Stephen Curry visits one of his favorite road arenas on Dec. 14, and got the two 3-pointers he needed to break Ray Allen’s NBA career record. It was somewhat fitting Curry broke the mark against the New York Knicks. MSG is where Curry had his breakout performance. And if people around the two-time NBA MVP had gotten their wish, it’s where Curry would have set up his practice.
In the guard-heavy 2009 NBA Draft, Curry was a top prospect. He just wasn’t the top prospect. Oklahoma’s Blake Griffin was the consensus No. 1 pick in the mock drafts, with Connecticut center Hasheem Thabeet tabbed to go second (hey, one out of two ain’t bad). The question with Curry wasn’t if he would fall. Instead, it was how far he would fall.
Stephen Curry was in the mix with a glut of guards
Stephen Curry entered the NBA draft after his junior year at Davidson College. He led the nation in scoring with 28.6 points per game. But there were many other backcourt talents in the pool for the 2009 NBA Draft.
Arizona State’s James Harden had a lot of hype. So, too, did Memphis’ Tyreke Evans and Jonny Flynn of Syracuse. The draft had a couple of international men of mystery. Spaniard Ricky Rubio was a curiosity, while Compton, California, native Brandon Jennings defied convention by skipping the usual year of college ball and going to Italy instead.
But wings and point guards were all over the draft board. DeMar DeRozan, Terrence Williams, Gerald Henderson, Jrue Holiday, Ty Lawson, Jeff Teague, and Eric Maynor made for an embarrassment of backcourt riches in the 2009 draft class.
There were concerns about Curry’s size and strength. He had an NBA pedigree as the son of 1993–94 Sixth Man of the Year Dell Curry. But whispers of ankle problems also followed the Davidson standout.
Stephen Curry’s father and agent wanted him with the New York Knicks
The 2009 NBA Draft marked the second talent-selection party for New York Knicks president of basketball operations Donnie Walsh. The native New Yorker was lured away from the Indiana Pacers to fix Isiah Thomas’s mess.
According to Marc Berman of the New York Post, Stephen Curry’s camp was doing what it could to ensure its guy would still be on the board when the Knicks made their first-round selection at No. 8 overall. Curry wanted to play in Mike D’Antoni’s rapid-fire system in New York.
Golden State Warriors general manager Larry Riley recalled several calls from Dell Curry as well as Stephen Curry’s agent, Jeff Austin:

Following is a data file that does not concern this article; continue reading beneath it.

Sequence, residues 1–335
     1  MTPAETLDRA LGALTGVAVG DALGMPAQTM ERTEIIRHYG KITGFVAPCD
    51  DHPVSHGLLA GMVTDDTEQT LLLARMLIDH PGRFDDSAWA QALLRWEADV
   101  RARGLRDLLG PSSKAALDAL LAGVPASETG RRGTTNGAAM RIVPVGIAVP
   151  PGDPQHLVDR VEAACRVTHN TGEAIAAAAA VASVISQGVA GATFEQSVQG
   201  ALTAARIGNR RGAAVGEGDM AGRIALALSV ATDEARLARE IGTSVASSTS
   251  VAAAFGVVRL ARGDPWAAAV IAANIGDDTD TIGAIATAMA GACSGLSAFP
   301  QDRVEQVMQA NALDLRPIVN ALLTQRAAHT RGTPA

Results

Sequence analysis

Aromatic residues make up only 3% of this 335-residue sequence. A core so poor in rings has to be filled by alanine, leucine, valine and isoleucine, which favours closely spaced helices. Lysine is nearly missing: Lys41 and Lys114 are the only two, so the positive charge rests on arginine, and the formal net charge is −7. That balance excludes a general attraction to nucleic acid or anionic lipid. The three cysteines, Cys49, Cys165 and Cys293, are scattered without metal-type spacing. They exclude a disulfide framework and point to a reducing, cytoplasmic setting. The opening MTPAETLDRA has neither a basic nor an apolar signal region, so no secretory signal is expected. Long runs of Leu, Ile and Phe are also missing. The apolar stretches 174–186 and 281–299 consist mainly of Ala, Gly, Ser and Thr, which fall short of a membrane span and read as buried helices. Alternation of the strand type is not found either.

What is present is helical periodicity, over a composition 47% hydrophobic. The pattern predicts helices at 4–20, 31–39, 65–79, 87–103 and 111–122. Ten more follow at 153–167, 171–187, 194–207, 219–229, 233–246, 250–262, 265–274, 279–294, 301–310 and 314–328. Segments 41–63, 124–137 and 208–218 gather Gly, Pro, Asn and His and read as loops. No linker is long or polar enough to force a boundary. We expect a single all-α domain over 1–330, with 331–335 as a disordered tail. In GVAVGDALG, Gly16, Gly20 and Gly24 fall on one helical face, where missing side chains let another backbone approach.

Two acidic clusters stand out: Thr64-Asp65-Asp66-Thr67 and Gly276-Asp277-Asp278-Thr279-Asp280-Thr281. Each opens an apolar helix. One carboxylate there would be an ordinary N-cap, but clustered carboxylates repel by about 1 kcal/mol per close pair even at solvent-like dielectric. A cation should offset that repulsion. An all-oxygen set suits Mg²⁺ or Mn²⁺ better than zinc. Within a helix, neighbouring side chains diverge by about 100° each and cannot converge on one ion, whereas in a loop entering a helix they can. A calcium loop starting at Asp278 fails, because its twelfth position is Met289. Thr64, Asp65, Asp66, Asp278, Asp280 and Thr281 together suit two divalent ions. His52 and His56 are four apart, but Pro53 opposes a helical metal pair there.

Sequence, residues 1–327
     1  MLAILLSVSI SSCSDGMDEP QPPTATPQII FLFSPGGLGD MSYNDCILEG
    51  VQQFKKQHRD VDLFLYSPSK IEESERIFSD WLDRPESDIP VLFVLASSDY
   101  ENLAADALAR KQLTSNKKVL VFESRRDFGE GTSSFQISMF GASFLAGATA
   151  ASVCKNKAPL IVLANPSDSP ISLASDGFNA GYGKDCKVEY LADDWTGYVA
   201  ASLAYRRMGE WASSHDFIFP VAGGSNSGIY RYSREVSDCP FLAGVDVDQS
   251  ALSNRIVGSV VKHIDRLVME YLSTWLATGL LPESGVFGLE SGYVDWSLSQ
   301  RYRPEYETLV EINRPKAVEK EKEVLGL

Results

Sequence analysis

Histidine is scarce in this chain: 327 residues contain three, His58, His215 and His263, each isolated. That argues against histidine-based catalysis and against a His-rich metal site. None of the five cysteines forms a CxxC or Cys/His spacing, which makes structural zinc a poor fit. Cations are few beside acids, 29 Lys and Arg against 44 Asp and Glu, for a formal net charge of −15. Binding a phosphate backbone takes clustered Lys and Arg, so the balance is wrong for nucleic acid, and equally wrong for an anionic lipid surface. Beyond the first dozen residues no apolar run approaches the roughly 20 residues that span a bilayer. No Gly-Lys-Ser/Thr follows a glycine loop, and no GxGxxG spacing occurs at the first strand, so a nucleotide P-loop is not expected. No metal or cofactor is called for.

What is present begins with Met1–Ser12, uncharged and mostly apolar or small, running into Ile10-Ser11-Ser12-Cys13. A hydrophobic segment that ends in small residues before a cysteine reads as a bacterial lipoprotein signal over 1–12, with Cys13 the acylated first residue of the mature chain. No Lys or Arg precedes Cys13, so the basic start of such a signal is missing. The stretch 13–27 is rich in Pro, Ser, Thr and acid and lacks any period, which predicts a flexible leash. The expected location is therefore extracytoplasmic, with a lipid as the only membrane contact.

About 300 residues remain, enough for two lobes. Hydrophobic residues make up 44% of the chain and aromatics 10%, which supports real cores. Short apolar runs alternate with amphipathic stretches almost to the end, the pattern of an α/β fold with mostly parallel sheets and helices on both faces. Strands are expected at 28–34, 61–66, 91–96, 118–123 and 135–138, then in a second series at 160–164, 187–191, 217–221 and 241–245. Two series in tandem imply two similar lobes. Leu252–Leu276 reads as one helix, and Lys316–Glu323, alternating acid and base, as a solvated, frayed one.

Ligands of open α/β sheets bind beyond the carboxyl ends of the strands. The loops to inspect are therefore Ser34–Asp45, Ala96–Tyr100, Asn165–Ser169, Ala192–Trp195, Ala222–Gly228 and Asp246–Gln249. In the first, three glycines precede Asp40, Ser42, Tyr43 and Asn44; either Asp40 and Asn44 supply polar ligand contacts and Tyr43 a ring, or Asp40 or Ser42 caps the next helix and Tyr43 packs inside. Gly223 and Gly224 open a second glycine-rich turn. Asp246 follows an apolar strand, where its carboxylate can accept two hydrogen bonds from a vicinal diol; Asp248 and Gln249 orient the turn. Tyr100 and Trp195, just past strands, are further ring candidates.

“Both Steph’s dad and his agent made it obvious to us that they’d rather us not pick him. I took a little risk. [Their request] made us stop and evaluate what would happen if we did draft him. We fully understood where they were coming from. We did not have the most desirable situation to go into.”Former Warriors GM Larry Riley
It seemed the Curry entourage had scared off Minnesota Timberwolves general manager David Kahn, whose team was picking fifth and sixth (Minnesota also had the Nos. 18 and 28 selections in the first round).
After Griffin and Thabeet went first and second as expected, the run on guards commenced. Harden went third to the Oklahoma City Thunder, and the Sacramento Kings grabbed Evans at No. 4.
Kahn then defied logic. He went point guard with the fifth pick, taking Rubio. Then Kahn took another point guard, Flynn, at No. 6. He went for the trifecta later that night when he drafted Lawson with the 18th pick.
That left the Warriors on the clock and the Knicks waiting to go next. Riley took Curry. New York went with Arizona forward Jordan Hill.
The rest, as they say, is history.
Curry has made life miserable for the New York Knicks
On Feb. 27, 2013, Stephen Curry announced he had arrived as a legitimate NBA star. Despite averaging 21.0 points and shooting 44.7% from 3-point range for the vastly improved Warriors, Curry was an All-Star snub in 2013.
Roughly two weeks later, the New York Knicks paid the price. In a nationally televised game at Madison Square Garden, Curry erupted for 54 points, draining 11 of 13 3s. The Knicks won the game. But Curry’s big night vaulted him into the upper echelon of the NBA.
While he hasn’t approached another 50-piece at Madison Square Garden, Curry has a pair of 30-point games in New York, including 37 in a win there on Feb. 23.
That includes a Nov. 13, 2009, game at the Garden in which he played only three minutes off the bench and didn’t attempt a shot. Per The Associated Press, coach Don Nelson joked that the rookie didn’t start because he didn’t have any tattoos.
Even with that, Curry averages 25.9 points per game at Madison Square Garden, shooting 48.9% overall and knocking down 46.7% from deep. Meanwhile, Curry is 9–1 in 10 career games at New York. Ironically, the lone loss was during his biggest individual night there.
It makes one wonder what might have been if Stephen Curry had still been available when Walsh made his pick for the New York Knicks in 2009.